The order of the Mass

Trinity Sunday and father was about to go into his sermon on Christ as King, so he asks, "How many noticed that today I'm wearing white vestments instead of green?" A number of hands go up, about 2/3rds of those present. "So how many didn't notice?" No hands go up.
Now this should be prefaced by two facts. Fact one: Father has never been one to allow the laity to fore go their responsibility:
In liturgical celebrations each person, minister or layman, who has an office to perform, should do all of, but only, those parts which pertain to his office by the nature of the rite and the principles of liturgy. --Sacrosanctum Concilium.
In father's eyes the responses are part of the office of the faithful attending Mass, and they should loudly and with reverence perform those parts.
Fact two:This particular morning between the Greeting and the Penitential Rite a number of adults were chattering when they should have been silent. Going into the Penitential Rite father felt, quite justifiably in my opinion, that people should have been silently contemplating their sins in preparation for our recital of option C of the rite rather than chatting.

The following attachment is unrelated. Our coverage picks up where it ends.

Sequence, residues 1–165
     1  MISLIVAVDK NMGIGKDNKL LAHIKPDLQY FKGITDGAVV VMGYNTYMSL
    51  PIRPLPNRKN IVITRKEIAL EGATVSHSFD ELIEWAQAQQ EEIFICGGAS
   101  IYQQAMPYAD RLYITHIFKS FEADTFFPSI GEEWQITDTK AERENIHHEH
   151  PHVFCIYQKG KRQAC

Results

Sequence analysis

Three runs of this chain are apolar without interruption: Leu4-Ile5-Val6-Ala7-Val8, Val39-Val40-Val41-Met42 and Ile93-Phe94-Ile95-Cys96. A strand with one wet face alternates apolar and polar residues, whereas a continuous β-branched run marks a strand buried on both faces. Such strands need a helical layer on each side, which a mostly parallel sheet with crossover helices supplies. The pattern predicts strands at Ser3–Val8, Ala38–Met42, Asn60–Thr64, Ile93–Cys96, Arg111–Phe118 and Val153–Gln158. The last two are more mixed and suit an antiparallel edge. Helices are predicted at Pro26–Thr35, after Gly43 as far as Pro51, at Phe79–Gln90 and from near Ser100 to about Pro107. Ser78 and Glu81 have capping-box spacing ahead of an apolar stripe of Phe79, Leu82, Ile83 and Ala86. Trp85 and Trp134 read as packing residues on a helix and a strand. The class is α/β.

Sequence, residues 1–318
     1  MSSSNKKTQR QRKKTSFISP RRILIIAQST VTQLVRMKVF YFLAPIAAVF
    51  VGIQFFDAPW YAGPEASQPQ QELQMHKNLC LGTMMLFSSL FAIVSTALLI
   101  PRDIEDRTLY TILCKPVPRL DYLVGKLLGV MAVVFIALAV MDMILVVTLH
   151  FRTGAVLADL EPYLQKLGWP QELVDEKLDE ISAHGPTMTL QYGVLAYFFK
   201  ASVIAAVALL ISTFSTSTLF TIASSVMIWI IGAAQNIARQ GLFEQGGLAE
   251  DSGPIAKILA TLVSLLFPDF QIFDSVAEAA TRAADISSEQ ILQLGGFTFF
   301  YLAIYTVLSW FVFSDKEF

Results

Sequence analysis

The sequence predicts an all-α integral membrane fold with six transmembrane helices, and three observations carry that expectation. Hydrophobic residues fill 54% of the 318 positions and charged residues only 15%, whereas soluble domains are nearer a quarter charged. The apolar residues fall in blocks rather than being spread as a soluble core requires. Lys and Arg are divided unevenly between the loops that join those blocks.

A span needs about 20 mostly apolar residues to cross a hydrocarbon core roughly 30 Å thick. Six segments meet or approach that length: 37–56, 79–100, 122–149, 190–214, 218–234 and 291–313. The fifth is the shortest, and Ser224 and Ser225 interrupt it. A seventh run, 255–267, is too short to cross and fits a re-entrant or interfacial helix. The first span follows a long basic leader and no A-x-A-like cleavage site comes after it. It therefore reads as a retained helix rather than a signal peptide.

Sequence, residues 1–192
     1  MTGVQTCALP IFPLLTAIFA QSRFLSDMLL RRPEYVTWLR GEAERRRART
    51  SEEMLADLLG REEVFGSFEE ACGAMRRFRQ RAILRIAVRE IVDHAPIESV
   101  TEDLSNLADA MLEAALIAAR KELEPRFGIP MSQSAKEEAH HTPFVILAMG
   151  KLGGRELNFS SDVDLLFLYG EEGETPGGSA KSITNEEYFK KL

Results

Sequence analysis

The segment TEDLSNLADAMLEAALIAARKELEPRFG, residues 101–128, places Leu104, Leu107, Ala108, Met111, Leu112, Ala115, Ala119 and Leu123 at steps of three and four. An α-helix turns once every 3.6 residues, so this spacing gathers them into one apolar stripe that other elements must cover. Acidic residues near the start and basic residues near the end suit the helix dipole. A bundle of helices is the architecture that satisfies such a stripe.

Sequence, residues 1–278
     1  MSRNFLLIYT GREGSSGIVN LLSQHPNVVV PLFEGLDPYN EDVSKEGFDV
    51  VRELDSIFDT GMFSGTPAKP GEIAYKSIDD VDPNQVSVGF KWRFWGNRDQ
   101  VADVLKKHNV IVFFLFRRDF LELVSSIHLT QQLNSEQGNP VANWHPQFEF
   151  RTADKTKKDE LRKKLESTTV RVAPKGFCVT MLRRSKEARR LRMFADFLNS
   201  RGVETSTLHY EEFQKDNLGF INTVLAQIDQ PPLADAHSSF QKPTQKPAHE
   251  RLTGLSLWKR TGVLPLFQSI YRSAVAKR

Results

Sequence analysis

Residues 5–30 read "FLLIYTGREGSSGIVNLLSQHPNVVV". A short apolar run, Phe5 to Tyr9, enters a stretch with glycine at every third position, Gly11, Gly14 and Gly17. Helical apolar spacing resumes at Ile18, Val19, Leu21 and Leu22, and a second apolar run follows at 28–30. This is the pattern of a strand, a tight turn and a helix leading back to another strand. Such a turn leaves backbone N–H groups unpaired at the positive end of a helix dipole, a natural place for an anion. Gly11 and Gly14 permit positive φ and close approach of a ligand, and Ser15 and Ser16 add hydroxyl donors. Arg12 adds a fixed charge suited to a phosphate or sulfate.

The lack of response to his question, as well as the earlier talking motivated father to toss his homily on Jesus' appearance before Pilot and launch instead into a sermon on appropriate behavior at Mass.
This was not a tirade against the behavior of the community, but rather a thoughtful sermon on the place of the laity in worship. He explained how the Mass was both community and personal. There are parts of the Mass during which the community prays together and parts when we should be praying alone. Response during the proper times is our (the laity's)way of fulfilling our office. Quiet during the proper time is necessary for us to engage in respectful individual prayer during the times when we should be doing so.